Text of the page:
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# BandedMatrices.jl Documentation

## Creating block-banded and banded-block-banded matrices

``BlockBandedMatrix{T}(undef, (rows, cols), (l, u))``

returns an undef `sum(rows)`×`sum(cols)` block-banded matrix `A` of type `T` with block-bandwidths `(l,u)` and where `A[Block(K,J)]` is a `Matrix{T}` of size `rows[K]`×`cols[J]`.

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``BandedBlockBandedMatrix{T}(undef, (rows, cols), (l, u), (λ, μ))``

returns an undef `sum(rows)`×`sum(cols)` banded-block-banded matrix `A` of type `T` with block-bandwidths `(l,u)` and where `A[Block(K,J)]` is a `BandedMatrix{T}` of size `rows[K]`×`cols[J]` with bandwidths `(λ,μ)`.

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## Accessing block-banded and banded-block-banded matrices

``blockbandwidths(A)``

Returns a tuple containing the upper and lower blockbandwidth of `A`.

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``blockbandwidth(A,i)``

Returns the lower blockbandwidth (`i==1`) or the upper blockbandwidth (`i==2`).

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``subblockbandwidths(A)``

returns the sub-block bandwidths of `A`, where `A` is a banded-block-banded matrix. In other words, `A[Block(K,J)]` will return a `BandedMatrix` with bandwidths given by `subblockbandwidths(A)`.

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``subblockbandwidth(A, i)``

returns the sub-block lower (`i == 1`) or upper (`i == 2`) bandwidth of `A`, where `A` is a banded-block-banded matrix. In other words, `A[Block(K,J)]` will return a `BandedMatrix` with the returned lower/upper bandwidth.

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## Implementation

A `BlockBandedMatrix` stores the entries in a single vector, ordered by columns. For example, if `A` is a `BlockBandedMatrix` with block-bandwidths `(A.l,A.u) == (1,0)` and the block sizes `fill(2, N)` where `N = 3` is the number of row and column blocks, then `A` has zero structure

``````[ a_11 a_12 │  ⋅    ⋅
a_21 a_22 │  ⋅    ⋅
──────────┼──────────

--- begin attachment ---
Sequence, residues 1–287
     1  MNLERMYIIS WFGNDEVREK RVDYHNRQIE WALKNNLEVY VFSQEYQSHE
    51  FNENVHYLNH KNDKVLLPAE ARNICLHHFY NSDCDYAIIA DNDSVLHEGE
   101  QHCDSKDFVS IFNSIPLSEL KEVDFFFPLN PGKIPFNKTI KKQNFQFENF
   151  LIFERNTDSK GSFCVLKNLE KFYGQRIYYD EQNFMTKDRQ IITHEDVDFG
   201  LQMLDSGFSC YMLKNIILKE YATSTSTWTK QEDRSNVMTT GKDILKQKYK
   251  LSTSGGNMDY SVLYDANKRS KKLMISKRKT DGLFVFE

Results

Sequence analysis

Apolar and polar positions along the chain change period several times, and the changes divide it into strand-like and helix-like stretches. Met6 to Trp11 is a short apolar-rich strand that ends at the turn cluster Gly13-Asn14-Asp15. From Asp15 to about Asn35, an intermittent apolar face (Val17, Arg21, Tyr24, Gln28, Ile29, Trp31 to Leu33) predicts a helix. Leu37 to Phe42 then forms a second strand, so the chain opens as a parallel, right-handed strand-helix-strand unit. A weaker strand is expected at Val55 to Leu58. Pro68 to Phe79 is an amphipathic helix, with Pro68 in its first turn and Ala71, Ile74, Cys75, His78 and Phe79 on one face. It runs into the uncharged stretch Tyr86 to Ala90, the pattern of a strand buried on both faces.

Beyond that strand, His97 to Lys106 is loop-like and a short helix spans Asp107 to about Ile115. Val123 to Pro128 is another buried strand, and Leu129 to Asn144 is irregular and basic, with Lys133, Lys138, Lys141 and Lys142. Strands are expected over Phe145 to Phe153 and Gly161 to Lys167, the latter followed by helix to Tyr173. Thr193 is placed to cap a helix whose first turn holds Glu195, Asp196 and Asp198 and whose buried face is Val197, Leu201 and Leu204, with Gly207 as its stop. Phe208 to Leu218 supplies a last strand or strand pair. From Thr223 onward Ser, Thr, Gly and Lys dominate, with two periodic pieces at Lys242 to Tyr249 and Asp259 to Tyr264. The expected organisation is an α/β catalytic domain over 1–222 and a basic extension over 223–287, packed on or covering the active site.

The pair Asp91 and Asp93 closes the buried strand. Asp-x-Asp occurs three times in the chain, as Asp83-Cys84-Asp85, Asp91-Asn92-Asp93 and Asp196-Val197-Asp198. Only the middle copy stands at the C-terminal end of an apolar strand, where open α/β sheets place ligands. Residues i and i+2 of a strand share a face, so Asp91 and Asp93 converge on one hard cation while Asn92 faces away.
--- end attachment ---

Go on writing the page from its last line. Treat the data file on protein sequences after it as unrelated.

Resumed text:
a_31 a_32 │ a_33 a_34
a_41 a_42 │ a_43 a_44
──────────┼──────────
⋅    ⋅   │ a_53 a_54
⋅    ⋅   │ a_63 a_64 ]``````

and is stored in memory via `A.data` as a single vector by columns, containing:

``[a_11,a_21,a_31,a_41,a_12,a_22,a_32,a_42,a_33,a_43,a_53,a_63,a_34,a_44,a_54,a_64]``

The reasoning behind this storage scheme as that each block still satisfies the strided matrix interface, but we can also use BLAS and LAPACK to, for example, upper-triangularize a block column all at once.

A `BandedBlockBandedMatrix` stores the entries as a `PseudoBlockMatrix`, with the number of row blocks equal to `A.l + A.u + 1`, and the row block sizes are all `A.μ + A.λ + 1`. The column block sizes of the storage is the same as the the column block sizes of the `BandedBlockBandedMatrix`. This is a block-wise version of the storage of `BandedMatrix`.

For example, if `A` is a `BandedBlockBandedMatrix` with block-bandwidths `(A.l,A.u) == (1,0)` and subblock-bandwidths `(A.λ, A.μ) == (1,0)`, and the block sizes `fill(2, N)` where `N = 3` is the number of row and column blocks, then `A` has zero structure

``````[ a_11  ⋅   │  ⋅    ⋅
a_21 a_22 │  ⋅    ⋅
──────────┼──────────
a_31  ⋅   │ a_33  ⋅
a_41 a_42 │ a_43 a_44
──────────┼──────────
⋅    ⋅   │ a_53  ⋅
⋅    ⋅   │ a_63 a_64 ]``````

and is stored in memory via `A.data` as a `PseudoBlockMatrix`, which has block sizes 2 x 2, containing entries:

``````[a_11 a_22 │ a_33 a_44
a_21  ×   │ a_43  ×
──────────┼──────────
a_31 a_42 │ a_53 a_64
a_41  ×   │ a_63  ×   ]``````

where `×` is an entry in memory that is not used.

The reasoning behind this storage scheme as that each block still satisfies the banded matrix interface.